Video

Holy Forest's Dreamlike Gambian Visuals For 'Nyokonole - We Are Together'

Jon Fine speaks about the making of the 'Holy Forest' LP featuring Gambian griot Tata Din Din Jobarteh, ST Da Gambian Dream & many more.


Holy Forest is the brainchild of songwriter & documentary filmmaker Jon Fine (Bill Withers' Still Bill, Herbie Hancock’s Possibilities). The project's self-titled debut album, which took over four years to complete, was recorded across the Gambia and the U.S. and features collaborations with griot Tata Din Din Jobarteh (aka the Jimi Hendrix of the kora), rapper ST Da Gambian Dream, Harlem-based Ed “Preachermann” Holley, members of Antibalas, and many others.

The Holy Forest LP has been gaining traction after the album's lead single  "Africa Calling"  was picked up for BBC 6 rotation by Gilles Peterson. Today we're premiering the music video for "Nyokonole - We Are Together," the album's second single, which was shot in the Gambia and Senegal. Read our interview with Jon Fine about the kora influences behind the album and the making of the video below. The 11-track Holy Forest LP is out today in vinyl and digital formats through Bandcamp & iTunes.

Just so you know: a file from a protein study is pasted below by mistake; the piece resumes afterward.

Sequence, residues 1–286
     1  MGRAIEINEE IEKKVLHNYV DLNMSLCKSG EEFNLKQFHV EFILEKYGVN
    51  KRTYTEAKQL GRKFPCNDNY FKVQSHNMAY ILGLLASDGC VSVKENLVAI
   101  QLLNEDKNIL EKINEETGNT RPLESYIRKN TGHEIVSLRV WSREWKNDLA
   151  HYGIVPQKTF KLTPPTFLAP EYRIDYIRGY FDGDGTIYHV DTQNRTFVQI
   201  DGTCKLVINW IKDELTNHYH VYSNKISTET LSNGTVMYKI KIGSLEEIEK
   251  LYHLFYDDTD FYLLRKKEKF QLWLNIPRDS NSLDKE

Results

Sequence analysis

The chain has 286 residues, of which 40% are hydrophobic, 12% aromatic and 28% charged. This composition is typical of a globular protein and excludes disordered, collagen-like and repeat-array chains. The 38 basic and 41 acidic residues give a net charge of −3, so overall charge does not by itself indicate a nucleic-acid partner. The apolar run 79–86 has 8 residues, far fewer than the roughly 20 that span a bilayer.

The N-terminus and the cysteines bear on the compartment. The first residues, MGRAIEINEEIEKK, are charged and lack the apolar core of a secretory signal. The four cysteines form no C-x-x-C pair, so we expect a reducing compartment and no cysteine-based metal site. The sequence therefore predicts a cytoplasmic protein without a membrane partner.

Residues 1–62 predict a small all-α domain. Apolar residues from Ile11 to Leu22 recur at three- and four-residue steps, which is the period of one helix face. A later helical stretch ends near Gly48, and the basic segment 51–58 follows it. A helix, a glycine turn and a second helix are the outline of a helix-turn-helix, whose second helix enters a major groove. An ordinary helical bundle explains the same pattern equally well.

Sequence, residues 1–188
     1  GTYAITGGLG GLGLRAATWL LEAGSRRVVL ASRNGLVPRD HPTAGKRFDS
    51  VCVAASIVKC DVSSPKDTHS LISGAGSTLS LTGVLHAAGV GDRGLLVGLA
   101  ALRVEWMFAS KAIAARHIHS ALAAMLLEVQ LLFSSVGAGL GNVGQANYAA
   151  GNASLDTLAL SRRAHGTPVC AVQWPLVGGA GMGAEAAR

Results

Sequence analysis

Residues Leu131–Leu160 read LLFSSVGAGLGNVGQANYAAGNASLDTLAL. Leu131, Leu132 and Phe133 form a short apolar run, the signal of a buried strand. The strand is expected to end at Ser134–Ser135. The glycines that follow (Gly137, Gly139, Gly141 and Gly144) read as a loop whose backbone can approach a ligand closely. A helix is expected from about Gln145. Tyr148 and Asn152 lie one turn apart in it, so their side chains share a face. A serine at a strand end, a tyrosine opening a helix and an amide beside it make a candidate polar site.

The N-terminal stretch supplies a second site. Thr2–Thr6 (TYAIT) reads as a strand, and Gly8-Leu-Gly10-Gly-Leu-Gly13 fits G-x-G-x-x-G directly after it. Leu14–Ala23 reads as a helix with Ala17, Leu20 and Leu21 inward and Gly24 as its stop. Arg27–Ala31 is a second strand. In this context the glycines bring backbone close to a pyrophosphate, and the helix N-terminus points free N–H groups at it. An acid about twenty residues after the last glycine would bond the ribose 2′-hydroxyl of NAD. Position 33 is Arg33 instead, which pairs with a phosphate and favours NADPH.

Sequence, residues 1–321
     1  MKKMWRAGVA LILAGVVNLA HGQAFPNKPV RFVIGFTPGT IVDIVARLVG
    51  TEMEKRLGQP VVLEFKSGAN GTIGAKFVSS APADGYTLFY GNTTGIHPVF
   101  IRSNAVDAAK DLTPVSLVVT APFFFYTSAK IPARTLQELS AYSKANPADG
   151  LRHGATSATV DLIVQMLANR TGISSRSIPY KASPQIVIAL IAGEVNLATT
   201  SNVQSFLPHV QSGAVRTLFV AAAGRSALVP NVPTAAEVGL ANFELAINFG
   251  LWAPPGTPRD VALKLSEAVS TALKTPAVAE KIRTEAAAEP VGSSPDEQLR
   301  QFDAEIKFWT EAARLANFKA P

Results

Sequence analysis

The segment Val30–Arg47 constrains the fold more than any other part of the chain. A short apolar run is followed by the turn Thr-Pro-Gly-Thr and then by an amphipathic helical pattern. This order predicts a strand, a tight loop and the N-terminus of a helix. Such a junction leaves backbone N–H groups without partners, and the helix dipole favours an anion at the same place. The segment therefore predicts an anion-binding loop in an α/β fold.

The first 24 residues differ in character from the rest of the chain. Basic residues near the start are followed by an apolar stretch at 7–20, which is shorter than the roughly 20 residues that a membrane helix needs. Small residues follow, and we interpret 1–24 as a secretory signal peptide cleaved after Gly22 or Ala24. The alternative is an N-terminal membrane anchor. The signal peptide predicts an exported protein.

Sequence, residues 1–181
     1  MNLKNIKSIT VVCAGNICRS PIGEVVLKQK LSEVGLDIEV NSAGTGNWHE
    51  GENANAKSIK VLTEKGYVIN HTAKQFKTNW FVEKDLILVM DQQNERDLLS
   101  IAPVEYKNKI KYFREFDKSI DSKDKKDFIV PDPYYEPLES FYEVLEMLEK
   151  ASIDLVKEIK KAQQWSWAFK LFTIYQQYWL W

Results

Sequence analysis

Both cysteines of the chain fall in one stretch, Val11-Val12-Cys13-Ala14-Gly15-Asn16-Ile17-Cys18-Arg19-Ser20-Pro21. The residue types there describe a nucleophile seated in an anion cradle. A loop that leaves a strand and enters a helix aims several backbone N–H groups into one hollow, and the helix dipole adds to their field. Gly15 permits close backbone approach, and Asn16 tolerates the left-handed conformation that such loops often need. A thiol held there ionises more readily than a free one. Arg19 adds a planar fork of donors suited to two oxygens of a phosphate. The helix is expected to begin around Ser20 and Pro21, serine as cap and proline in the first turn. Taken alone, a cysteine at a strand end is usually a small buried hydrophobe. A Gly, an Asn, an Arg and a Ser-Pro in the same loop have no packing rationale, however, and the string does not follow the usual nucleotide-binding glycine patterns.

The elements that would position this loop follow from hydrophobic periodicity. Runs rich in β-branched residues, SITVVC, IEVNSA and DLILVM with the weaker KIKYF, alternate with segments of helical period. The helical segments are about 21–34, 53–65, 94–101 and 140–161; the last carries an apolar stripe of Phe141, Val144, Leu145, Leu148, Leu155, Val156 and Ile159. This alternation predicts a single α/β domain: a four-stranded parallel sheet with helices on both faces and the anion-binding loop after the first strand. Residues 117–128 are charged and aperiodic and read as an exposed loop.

Okayafrica: How did you connect with ST Da Gambian Dream & Tata Din Din Jobarteh to record this track?

Jon Fine: My wife’s from the Gambia and this album began on a trip to visit her family with our two young kids. I brought along my laptop and some mics with hopes of making music while we were staying in the town of Sukuta. I was told by a friend to “go to Birkama and ask around for Tata Din Din Jobarteh.” I’d heard of Tata while in NY and had hopes of reaching out to him and learning more about the kora while in the Gambia. One afternoon, as luck would have it, on a ride home from the Makasutu Forest, our taxi driver, who coincidentally knew Tata, pulled us up to his gate. Serendipitously, Tata was home, invited us in for tea and welcomed us like family. We talked about kids, travels and I mentioned I’d brought a hard drive with some sketches of music I'd begun recording in NYC.

The next week, he invited me back to record in his studio. The first sessions with Tata planted the seed for the record and became the song “Africa Calling.” The next song we recorded together was “Nyokonole - We Are Together.” S.T. Da Gambian Dream, an incredibly talented young artist also from Birkama, was introduced to me by our friend Gass. S.T. had just finished his own album and we made a video together for his song “Njunku.” When he heard one of the instrumentals I had, he came up with “Nyokonole.” It translates from Mandinka as “We Are Together” and is a song about friendship, about making music and making friends. Jamal who also sings on the song is a friend for nearly 20 years.

Tell us about the video.

The video was filmed while spending a month in Gambia and, in part, on a short family trip to Senegal with my wife's family. Like the record, the video is a bit of a collage, layered and re-imagined. The album took me four years to complete and gets into memory and travel so this video felt like a reflection of that feeling.